But the Council of Islamic Scholars, an influential group in the country, warned the government not to free Gibbons earlier, saying it would "wound the sensibilities of Muslims in Sudan".

 

Gibbons was sentenced after her class of seven-year-olds named a teddy bear Muhammad, the same name of the prophet of Islam, as part of a school project.

 

Deportation

 

She is due to be deported on December 9 if the British MPs fail to secure a pardon before the sentence deadline.

 

Ahead of Monday's meeting, Warsi said: "I'm still hopeful ... I understand the cultural and religious sensitivities around Islam but as a British woman I have huge concerns for Gillian.

 

"This is a huge issue and we must remain optimistic and hopeful that we can resolve it as early as possible."

 

Britain's ambassador to Sudan, Rosalind Marsden, said the meeting with the president was grounds for optimism.

 

"We very much hope that following the meeting with the president tomorrow morning the decision will be taken to release Mrs Gibbons as soon as possible," she told reporters.

 

Mohammed Ibrahim Shoush, a Sudanese political analyst, told Al Jazeera that his country is under great pressure.

 

He said on the one hand Sudan does not want to appear "weak" and to be bowing to British pressure. But on the other hand, they do not want to sound like "they do not care about religion".

 

When asked if Gibbons is likely to be released early, Shoush said he thought so.

 

'Bad consequences'

 

But Islamic scholars said the government would face problems if it reduced Gibbons' sentence, which they said was too light.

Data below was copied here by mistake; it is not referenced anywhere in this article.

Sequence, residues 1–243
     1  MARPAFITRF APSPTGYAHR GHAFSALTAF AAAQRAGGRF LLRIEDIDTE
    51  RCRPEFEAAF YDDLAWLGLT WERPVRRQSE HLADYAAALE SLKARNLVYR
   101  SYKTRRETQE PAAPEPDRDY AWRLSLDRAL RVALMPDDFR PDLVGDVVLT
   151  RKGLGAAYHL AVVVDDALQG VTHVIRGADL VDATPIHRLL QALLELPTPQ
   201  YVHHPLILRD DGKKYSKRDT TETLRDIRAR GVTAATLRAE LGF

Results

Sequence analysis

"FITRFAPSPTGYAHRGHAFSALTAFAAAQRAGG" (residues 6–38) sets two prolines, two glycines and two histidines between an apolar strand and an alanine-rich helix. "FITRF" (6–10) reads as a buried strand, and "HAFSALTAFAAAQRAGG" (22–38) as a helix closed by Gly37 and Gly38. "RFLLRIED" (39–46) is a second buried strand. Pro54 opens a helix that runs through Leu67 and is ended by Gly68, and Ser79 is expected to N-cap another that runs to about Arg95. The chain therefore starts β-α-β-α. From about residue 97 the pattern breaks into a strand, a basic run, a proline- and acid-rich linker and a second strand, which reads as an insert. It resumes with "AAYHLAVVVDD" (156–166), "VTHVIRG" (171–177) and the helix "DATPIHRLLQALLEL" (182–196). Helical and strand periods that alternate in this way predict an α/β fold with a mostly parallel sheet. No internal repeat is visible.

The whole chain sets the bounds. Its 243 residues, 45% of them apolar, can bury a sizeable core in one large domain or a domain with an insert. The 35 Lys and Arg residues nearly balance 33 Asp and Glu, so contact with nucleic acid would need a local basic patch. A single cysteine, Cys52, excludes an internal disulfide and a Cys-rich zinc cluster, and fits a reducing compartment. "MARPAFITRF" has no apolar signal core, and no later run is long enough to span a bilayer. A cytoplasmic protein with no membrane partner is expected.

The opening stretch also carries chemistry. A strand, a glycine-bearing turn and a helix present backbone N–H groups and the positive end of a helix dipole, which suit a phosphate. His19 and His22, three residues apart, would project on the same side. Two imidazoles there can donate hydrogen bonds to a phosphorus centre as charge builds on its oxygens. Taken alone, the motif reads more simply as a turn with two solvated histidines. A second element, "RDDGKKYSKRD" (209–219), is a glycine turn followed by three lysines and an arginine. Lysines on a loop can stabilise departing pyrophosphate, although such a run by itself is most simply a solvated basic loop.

Sheikh Mohammad Abdel Karim, a council spokesman, said: "If the government retracts this judgment ... this would be a very bad precedent and it would have very bad consequences on the reputation of the state ... not only in Sudan but also outside Sudan."

  

Gibbons was moved away from other inmates
after protesters called for her death [AFP]
The visit by the Muslim politicians - considered more acceptable negotiating partners for the Khartoum government - came as Gibbons' lawyer said he hoped there would be a presidential pardon.

  

"There is a probability she will be released before the end of her sentence," Kamel Jazuli said on Saturday.

 

"The president has the right to do this for any prisoner and I don't exclude that he will do it."

 

He added that Gibbons was being held in a clean, well-guarded prison.
  

The location of the prison, however, remains secret, after thousands of people demonstrated in Khartoum after Friday prayers against what they view is a lenient sentence, with some calling for her death.

  

Some protesters brandished ceremonial swords and said she should be put to death.
  

David Miliband, Britain's foreign secretary, has said the situation was due to an "innocent misunderstanding" and has twice called in Sudan's ambassador to London.